Visibility of single atoms in Science 168, No. 3937, pp. 1338–1340, June 12, 1970. Albert Crewe.

Visibility of single atoms in Science 168, No. 3937, pp. 1338–1340, June 12, 1970

New York: AAAS, 1970. 1st Edition. FIRST EDITION OF THE FIRST PICTURES OF INDIVIDUAL ATOMS WITHIN A MOLECULAR STRUCTURE. Note that this paper includes those photographs. “Although individual atoms [had] been produced by field ion microscopes, there previously had been no way to reveal a single atom within a molecular structure” (Fling, First Photographs of a Single Atom, American Institute of Biological Sciences, 918, August 1970). Using a scanning transmission electron microscope (STEM) Albert Crewe made headlines around the world.

“In 1964 Crewe, a professor emeritus in physics at the University of Chicago and former director of Argonne National Laboratory, invented the scanning transmission electron microscope (STEM) based on a concept that came to him on an airplane trip. Crewe used focused beams of electrons instead of light waves for magnification. Because electron waves are thousands of times shorter than light waves, they can be used to resolve much smaller objects than can be seen through optical microscopes.

“The technique involved scanning a beam of electrons across an object or specimen. The electrons scattered from the structure in the specimen were then used to generate an image on an oscilloscope, which converts electrical impulses into pictures, much like a television set.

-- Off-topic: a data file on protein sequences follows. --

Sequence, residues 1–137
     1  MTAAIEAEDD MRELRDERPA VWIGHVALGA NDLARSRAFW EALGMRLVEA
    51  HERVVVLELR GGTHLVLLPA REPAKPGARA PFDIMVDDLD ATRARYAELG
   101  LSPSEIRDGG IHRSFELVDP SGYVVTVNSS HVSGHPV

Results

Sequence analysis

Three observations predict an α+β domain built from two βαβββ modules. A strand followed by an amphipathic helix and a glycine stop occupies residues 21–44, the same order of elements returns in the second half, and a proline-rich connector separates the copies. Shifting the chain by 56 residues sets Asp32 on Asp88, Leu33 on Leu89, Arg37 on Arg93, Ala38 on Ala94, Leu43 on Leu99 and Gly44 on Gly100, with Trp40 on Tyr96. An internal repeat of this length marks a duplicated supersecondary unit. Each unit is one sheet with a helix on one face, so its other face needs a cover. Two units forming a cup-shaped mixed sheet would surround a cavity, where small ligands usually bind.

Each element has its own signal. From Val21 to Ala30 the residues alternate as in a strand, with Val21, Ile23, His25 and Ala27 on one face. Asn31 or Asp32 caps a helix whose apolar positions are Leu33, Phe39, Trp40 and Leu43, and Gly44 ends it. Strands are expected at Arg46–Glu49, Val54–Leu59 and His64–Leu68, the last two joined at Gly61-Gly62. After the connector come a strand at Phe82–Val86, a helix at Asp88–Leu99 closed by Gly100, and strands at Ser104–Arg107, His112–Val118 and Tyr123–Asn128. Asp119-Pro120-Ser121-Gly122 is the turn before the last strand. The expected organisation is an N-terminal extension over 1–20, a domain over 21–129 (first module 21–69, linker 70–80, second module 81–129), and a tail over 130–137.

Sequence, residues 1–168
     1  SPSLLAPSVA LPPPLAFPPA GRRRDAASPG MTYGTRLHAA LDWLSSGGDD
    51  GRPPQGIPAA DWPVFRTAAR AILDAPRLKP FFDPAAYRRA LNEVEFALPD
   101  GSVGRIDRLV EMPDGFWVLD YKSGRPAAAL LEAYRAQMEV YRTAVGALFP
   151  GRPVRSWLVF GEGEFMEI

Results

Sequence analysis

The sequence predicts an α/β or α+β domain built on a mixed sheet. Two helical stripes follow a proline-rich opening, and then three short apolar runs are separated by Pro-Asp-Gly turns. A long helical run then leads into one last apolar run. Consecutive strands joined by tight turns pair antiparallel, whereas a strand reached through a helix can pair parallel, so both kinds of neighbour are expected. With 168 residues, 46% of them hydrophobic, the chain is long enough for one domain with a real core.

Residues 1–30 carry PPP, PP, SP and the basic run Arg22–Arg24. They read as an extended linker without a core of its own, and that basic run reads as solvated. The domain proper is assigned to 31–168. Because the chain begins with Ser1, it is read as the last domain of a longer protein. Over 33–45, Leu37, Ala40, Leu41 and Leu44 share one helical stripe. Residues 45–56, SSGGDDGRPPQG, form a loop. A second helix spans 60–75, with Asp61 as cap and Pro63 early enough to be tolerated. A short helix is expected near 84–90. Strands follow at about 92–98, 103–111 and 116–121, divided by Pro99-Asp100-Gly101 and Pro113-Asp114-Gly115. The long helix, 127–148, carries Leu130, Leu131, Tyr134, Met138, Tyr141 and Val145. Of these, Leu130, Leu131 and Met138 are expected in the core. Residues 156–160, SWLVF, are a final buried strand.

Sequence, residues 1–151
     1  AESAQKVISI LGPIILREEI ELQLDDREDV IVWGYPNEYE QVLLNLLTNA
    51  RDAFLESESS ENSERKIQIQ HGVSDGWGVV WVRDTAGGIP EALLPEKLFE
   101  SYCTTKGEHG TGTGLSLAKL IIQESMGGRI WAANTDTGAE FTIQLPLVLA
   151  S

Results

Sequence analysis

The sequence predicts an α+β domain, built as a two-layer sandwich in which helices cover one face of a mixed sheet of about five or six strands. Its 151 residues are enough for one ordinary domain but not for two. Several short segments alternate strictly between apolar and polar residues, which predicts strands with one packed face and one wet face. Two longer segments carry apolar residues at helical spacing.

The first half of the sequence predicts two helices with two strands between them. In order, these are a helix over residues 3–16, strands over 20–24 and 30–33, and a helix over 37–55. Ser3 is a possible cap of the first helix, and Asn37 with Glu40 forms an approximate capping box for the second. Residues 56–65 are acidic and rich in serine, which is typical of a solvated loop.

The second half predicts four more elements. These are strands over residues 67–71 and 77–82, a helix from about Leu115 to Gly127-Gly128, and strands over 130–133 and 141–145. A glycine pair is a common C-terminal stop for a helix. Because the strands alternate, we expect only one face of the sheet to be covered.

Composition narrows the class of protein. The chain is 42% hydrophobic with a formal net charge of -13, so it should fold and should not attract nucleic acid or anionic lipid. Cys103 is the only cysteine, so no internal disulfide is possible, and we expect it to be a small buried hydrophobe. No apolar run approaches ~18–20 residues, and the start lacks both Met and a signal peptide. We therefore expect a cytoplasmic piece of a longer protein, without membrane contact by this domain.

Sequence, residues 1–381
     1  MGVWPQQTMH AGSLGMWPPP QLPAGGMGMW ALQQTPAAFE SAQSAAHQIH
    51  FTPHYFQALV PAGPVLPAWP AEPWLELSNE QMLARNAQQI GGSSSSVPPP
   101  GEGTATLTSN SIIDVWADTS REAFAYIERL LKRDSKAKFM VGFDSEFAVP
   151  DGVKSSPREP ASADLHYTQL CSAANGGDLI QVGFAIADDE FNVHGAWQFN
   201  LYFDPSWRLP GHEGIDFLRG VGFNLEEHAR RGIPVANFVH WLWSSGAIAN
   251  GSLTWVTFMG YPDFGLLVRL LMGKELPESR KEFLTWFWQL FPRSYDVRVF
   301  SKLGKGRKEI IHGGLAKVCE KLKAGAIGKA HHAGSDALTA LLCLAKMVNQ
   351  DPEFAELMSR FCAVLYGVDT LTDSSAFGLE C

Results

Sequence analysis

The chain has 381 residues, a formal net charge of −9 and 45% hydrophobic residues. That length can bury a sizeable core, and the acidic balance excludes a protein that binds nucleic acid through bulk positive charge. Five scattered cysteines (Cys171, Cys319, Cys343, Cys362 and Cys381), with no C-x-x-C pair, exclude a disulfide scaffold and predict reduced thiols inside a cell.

“He imaged single uranium and thorium atoms magnified a million times. Crewe's STEM was able to view samples smaller than five angstroms-about the distance between atoms. Atoms measure approximately one angstrom, or four-billionths of an inch, in diameter. Because atoms are smaller than a light wave, it is impossible to see them through an optical microscope regardless of its power.

“’Crewe’s STEM achieved much higher resolution than existing electron microscopes of the day. ‘The reason is that Crewe for the first time used a field emission electron source, effectively a point source of electrons, much smaller and brighter than any other electron source,’ said Riccardo Levi-Setti, Professor Emeritus in Physics at University of Chicago. ‘This enabled him to focus the scanning electron beam to a spot size of atomic dimensions. The field emission electron source is the key to his development’” (University of Chicago Obituary). Item #1234

CONDITION & DETAILS: New York: AAAS. Complete 1st edition in original pictorial wraps. 8vo. Discreet mailing label on rear wrap. Clean and bright. Near fine condition.

Price: $375.00

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